As if this wasn’t enough, the bill continues: “[a] measure or action that restricts the provision of abortion services or the facilities that provide abortion services that is similar to any of the prohibited limitations or requirements described [above] shall be unlawful if such measure or action singles out abortion services or make abortions services more difficult to access and does not significantly advance women’s health or the safety of abortion services.” Well that’s nice. How is any of this defined? “[A] plaintiff shall demonstrate that the measure or action involved — (A) singles out the provision of abortion services or facilities in which abortion services are performed; or (B) impedes women’s access to abortion services based on one or more of the factors described in paragraph (3)” (emphasis mine). One such “factor” is “[w]hether the measure or action is reasonably likely to delay some women in accessing abortion services.” So a lawsuit may be brought under this bill by merely showing that it takes longer to get an abortion (please pay no attention to the state’s serious health concerns). Under this theory, one could introduce legislation mandating “immediate medical treatment” of certain conditions because the diagnosis period is “too long.” Another such “factor” is “[w]hether the measure or action requires, or is reasonably likely to have the effect of necessitating, a trip to the offices of the abortion provider that would not otherwise be required.” Who determines what is “required.”

At this point, S.1696 should just stop pretending it is not intruding into areas of state authority. Other “factors” are laid out in the bill. But the last one is a doozy: “[t]he cumulative impact of the measure or action combined with other new or existing requirements or restrictions.” Thus, according to S. 1696, a plaintiff can make out a prima facie case by showing that a law “impedes women’s health” through the “cumulative impact of the measure or action combined with other new or existing requirements or restrictions.” Obfuscate. Muddle. Then go for the power-grab. On top of all this, the bill would require a state to show there is no “less restrictive alternative measure or action” to accomplish regulation of abortion—thus clearly interfering with the rational basis standard typically used to measure state regulation of citizens’ health and welfare. If S. 1696 isn’t an attempt to rip from state control the power to regulate the health and welfare of their citizens, I don’t know what is.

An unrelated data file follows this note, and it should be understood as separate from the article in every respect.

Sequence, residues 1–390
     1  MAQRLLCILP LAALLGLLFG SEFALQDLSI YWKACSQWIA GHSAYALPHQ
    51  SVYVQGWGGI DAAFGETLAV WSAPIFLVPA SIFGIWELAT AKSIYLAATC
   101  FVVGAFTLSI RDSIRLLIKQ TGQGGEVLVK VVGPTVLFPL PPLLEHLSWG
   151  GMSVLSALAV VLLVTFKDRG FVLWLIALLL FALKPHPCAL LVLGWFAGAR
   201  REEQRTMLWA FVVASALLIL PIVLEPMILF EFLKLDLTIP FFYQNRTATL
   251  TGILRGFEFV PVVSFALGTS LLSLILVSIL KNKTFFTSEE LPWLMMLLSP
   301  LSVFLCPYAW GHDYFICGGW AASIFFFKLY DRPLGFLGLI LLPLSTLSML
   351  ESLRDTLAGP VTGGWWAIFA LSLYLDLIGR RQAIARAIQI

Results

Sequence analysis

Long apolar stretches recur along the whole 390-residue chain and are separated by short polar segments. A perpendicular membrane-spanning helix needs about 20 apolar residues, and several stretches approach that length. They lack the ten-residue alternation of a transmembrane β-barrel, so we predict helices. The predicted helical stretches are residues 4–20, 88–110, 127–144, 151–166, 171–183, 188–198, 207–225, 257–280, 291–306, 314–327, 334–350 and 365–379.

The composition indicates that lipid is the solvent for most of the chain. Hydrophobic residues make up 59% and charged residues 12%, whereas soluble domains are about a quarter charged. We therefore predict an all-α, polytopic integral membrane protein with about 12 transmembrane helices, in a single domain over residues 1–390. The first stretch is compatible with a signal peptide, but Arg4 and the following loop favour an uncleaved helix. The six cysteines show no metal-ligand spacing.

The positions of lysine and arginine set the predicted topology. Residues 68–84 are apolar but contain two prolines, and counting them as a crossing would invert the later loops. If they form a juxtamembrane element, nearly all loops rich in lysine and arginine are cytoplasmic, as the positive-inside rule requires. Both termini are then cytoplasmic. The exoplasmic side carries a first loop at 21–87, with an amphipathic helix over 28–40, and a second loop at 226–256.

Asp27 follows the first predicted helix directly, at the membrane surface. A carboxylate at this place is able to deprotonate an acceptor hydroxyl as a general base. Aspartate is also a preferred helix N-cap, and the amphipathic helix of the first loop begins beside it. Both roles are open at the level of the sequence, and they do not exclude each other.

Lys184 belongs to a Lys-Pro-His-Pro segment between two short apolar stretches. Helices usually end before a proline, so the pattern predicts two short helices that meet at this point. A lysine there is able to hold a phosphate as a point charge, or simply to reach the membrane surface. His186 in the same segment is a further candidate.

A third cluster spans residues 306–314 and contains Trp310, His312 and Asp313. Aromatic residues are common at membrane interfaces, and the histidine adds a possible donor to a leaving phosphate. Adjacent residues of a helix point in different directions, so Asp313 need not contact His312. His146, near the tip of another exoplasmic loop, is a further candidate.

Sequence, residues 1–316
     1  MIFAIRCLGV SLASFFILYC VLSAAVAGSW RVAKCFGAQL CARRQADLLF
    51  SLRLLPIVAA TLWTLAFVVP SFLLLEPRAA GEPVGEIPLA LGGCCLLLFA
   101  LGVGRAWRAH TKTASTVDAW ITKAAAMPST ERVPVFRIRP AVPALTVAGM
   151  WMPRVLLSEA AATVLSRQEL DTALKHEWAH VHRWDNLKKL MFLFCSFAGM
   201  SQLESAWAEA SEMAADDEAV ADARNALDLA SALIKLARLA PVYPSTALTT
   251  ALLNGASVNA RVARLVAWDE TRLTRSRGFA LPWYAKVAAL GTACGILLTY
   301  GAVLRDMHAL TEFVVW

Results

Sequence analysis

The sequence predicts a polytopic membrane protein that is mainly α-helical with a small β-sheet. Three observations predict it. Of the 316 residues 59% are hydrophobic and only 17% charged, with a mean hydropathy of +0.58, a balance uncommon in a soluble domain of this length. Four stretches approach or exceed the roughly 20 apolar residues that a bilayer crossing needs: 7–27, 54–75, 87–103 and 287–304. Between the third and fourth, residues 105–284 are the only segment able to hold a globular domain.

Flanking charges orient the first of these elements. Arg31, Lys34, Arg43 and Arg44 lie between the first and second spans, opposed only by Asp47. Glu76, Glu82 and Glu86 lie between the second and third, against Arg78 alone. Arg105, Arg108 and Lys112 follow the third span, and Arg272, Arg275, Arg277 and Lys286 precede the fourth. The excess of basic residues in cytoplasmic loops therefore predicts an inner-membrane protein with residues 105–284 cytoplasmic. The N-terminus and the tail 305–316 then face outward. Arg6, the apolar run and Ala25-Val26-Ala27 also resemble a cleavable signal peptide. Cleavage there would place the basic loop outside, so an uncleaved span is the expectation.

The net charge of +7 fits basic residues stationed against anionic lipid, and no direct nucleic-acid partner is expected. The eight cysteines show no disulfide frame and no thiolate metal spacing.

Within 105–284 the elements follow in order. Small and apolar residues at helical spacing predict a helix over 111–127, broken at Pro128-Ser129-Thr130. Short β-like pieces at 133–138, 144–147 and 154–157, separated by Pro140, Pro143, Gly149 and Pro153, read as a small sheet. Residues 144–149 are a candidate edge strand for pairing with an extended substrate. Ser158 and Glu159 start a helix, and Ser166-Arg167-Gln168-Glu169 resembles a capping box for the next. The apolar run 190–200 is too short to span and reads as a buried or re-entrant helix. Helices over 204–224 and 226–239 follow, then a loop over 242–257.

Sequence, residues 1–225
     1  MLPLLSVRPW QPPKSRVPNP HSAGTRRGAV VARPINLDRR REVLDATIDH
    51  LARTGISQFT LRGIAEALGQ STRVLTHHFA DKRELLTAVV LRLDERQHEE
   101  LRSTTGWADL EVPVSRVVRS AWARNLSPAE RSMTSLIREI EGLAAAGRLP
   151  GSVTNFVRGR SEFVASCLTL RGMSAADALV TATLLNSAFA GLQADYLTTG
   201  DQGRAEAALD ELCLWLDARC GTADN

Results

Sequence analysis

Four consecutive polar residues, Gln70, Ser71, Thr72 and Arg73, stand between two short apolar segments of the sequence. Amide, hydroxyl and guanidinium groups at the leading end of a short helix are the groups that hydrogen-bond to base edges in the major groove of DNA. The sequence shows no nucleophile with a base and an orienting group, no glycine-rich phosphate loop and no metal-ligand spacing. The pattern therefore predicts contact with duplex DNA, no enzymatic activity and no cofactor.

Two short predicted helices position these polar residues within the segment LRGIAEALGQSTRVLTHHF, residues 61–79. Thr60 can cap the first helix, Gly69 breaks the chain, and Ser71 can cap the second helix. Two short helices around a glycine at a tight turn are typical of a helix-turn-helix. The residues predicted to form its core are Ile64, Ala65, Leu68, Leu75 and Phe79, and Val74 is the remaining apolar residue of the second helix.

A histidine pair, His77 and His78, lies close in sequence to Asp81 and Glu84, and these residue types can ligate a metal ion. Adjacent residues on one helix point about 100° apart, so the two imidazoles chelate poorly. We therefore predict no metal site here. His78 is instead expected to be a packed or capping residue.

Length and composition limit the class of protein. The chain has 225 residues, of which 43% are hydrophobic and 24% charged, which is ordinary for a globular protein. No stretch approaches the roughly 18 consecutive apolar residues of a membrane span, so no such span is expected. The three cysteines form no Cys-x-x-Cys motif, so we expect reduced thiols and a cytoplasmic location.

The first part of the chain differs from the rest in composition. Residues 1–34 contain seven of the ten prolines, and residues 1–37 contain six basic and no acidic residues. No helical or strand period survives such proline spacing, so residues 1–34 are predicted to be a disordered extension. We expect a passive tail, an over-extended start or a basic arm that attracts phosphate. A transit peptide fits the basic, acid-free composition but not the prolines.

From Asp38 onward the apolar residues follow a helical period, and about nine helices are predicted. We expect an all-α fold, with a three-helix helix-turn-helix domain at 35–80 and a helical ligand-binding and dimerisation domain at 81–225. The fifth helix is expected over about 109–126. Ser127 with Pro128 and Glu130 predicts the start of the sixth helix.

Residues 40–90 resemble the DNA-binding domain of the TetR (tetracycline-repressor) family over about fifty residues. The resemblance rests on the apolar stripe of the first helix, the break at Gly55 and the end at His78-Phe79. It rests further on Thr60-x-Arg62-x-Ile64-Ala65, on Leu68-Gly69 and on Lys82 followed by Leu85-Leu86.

Adding insult to injury, the bill’s authors pretend to care about minorities by claiming that the “harms” they claim to fix “fall especially heavily on low-income women, women of color, and women living in rural and other medically underserved areas.” If they so cared about minorities, this bill’s supporters would look to restrict abortion generally, as abortion providers have been shown time and time again to profit off killing minority babies. Such purported minority rights advocates would have come to the defense of the Arizona law banning race-based abortions, yet they were silent there. Indeed, the NAACP and others actually opposed the law and sued to have it blocked! Yet, abortion must be advanced at all costs. Such is the sentiment of S. 1696.